Many would argue that the Pacific Northwest in North America offers up some of the best and most diverse riding that is to be found, anywhere. Squamish, the ‘Outdoor Recreation Capital of the World’ sits between Whistler and the storied North Shore of Vancouver, BC. It’s also the home of Pinkbike’s headquarters. The number of trails, diversity, and accessibility to trails, along with the constant progression in that region has pushed the sport of mountain biking substantially in the last two decades. As with countries, capitals can move and evolve over time.
So, how did Bentonville, a town in Arkansas (that’s in the US, bordered by Missouri, Oklahoma, Mississippi, Texas, and western Tennessee) stake its claim by trademarking the title of ‘Mountain Bike Capital of the World’ this week?
Bentonville, AR, is home to the headquarters of Walmart. Steuart and Tom Walton are avid mountain bikers. With that, they’ve invested heavily in the sport, and in the trail network and infrastructure surrounding their local region and beyond. In the last several years, Bentonville has gone from a nearly unheard of place in mountain biking to a destination offering a trail network with hundreds of miles of trail, accessible from town.
Several years back, I heard one of the Waltons quoted as saying that they wanted to make Bentonville the Mountain Bike Capital of the World… Soon after, I visited the town itself and it was quickly apparent that they were on a mission to make riding bikes in the woods a priority.
There are a lot of incredible places to ride and there is plenty of riding in the world that is more epic, scenic, challenging, what have you, than Bentonville. But as an all-encompassing destination, I’ve not visited anywhere more pleasant to ride, because there’s more to bikes than simply terrain. The town is bike-friendly, there are phenomenal restaurants, entertainment, a badass museum, incredible coffee, top-notch bars, and a smorgasbord of other businesses that I actually want to visit. Take me to a resort with really great riding and I’m not really going to do anything else.
Bentonville? I’m going to go explore the town too. Not only that but the town has brought in the IMBA summit, trail-building workshops, retreats, and more. There are weeks of riding right from town and then plenty more within a short drive. Pump tracks, jumps, features, you name it. And it’s all integrated into the town without the feel of a resort. It’s Pleasantville for a mountain biker and it’s a region with people behind it that are willing to do whatever it takes to grow the sport.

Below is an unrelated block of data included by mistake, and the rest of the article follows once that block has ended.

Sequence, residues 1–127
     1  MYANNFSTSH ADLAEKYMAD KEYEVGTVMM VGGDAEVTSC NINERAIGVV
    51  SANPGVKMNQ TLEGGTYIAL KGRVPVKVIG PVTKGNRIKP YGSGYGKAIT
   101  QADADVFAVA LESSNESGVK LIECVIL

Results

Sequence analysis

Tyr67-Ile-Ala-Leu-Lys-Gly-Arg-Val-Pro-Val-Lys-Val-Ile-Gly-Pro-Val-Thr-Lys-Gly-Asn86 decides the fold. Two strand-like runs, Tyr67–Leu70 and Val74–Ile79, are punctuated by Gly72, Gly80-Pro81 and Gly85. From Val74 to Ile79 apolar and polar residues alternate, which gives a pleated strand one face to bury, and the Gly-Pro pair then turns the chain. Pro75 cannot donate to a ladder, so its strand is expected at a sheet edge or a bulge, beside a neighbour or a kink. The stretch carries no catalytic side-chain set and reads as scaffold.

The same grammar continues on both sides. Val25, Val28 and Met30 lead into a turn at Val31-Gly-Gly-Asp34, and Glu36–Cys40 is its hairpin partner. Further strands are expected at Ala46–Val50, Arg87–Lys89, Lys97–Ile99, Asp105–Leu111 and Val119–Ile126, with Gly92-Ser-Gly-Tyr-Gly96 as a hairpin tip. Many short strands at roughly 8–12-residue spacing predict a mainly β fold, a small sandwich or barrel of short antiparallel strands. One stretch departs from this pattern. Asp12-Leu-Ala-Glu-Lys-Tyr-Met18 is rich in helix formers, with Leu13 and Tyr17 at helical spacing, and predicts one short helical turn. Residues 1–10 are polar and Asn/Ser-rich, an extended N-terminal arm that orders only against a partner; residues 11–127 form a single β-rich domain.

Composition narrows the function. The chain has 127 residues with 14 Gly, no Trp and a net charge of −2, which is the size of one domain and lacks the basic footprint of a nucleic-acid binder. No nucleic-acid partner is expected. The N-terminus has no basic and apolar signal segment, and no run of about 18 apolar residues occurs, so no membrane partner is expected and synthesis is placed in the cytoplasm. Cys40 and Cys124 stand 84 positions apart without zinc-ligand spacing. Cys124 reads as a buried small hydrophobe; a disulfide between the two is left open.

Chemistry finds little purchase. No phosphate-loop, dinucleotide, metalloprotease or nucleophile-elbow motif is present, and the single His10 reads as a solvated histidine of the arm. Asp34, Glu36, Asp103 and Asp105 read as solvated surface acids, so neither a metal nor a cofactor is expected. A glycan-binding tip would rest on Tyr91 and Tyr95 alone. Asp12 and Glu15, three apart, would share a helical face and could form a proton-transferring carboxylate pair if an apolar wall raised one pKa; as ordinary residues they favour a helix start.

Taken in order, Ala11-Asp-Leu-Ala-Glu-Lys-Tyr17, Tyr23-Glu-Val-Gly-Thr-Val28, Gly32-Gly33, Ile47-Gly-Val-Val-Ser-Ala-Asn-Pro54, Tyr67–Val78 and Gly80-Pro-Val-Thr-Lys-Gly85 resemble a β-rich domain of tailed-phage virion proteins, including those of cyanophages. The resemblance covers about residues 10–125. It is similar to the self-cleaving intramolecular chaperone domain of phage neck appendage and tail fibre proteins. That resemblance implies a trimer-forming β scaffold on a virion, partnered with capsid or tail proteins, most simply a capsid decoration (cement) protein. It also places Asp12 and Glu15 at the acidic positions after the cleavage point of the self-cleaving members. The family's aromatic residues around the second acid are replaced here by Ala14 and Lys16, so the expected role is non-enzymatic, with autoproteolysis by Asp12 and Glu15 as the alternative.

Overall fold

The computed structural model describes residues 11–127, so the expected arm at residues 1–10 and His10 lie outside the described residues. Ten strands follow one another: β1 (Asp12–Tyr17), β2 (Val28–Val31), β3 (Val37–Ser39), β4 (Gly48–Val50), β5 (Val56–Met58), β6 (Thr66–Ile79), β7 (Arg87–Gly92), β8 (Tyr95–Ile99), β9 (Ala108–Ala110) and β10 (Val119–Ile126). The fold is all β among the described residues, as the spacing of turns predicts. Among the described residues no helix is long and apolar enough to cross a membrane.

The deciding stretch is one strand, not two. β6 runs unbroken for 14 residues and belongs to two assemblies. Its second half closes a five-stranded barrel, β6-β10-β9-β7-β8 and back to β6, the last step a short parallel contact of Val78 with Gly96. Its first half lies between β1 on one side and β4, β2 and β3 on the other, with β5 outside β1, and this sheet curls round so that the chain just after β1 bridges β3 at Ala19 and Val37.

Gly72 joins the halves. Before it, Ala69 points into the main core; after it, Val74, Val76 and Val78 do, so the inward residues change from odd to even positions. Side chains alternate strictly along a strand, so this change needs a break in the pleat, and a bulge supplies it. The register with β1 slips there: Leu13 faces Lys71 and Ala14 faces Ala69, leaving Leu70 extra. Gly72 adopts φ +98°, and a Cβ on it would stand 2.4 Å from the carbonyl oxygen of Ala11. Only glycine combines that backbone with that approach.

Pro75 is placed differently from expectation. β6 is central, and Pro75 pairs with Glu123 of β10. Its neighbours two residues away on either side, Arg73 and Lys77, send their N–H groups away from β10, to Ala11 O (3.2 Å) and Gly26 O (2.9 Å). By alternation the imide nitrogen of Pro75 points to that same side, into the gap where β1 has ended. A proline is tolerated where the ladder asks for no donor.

The entire town seems built for mountain biking and the infrastructure seems to be there for them to keep expanding that. So, does that make Bentonville the actual Mountain Bike Capital of the World? I’m not sure… it’s hard for me to say so having spent time in other great riding destinations all over the world. It’s definitely an example of how great a place can be for riding given a deep pool of resources and the correct people in place to make it happen. What’s the ‘Capital’ in my mind? Mix the infrastructure, town, and feel of Bentonville, AR with the trails and terrain of the Pacific Northwest. Throw in a dash of Western NC and I’ll call that place home…but a ‘Capital’ is still a little different.
If you had to choose a Mountain Bike Capital of the World, where would it be for you? What’s important to you for that designation… is it just the trails? Or are there other factors at play? Let us know from the list below and if we happened to miss a spot (we really tried not to), select other, and drop it in the comments.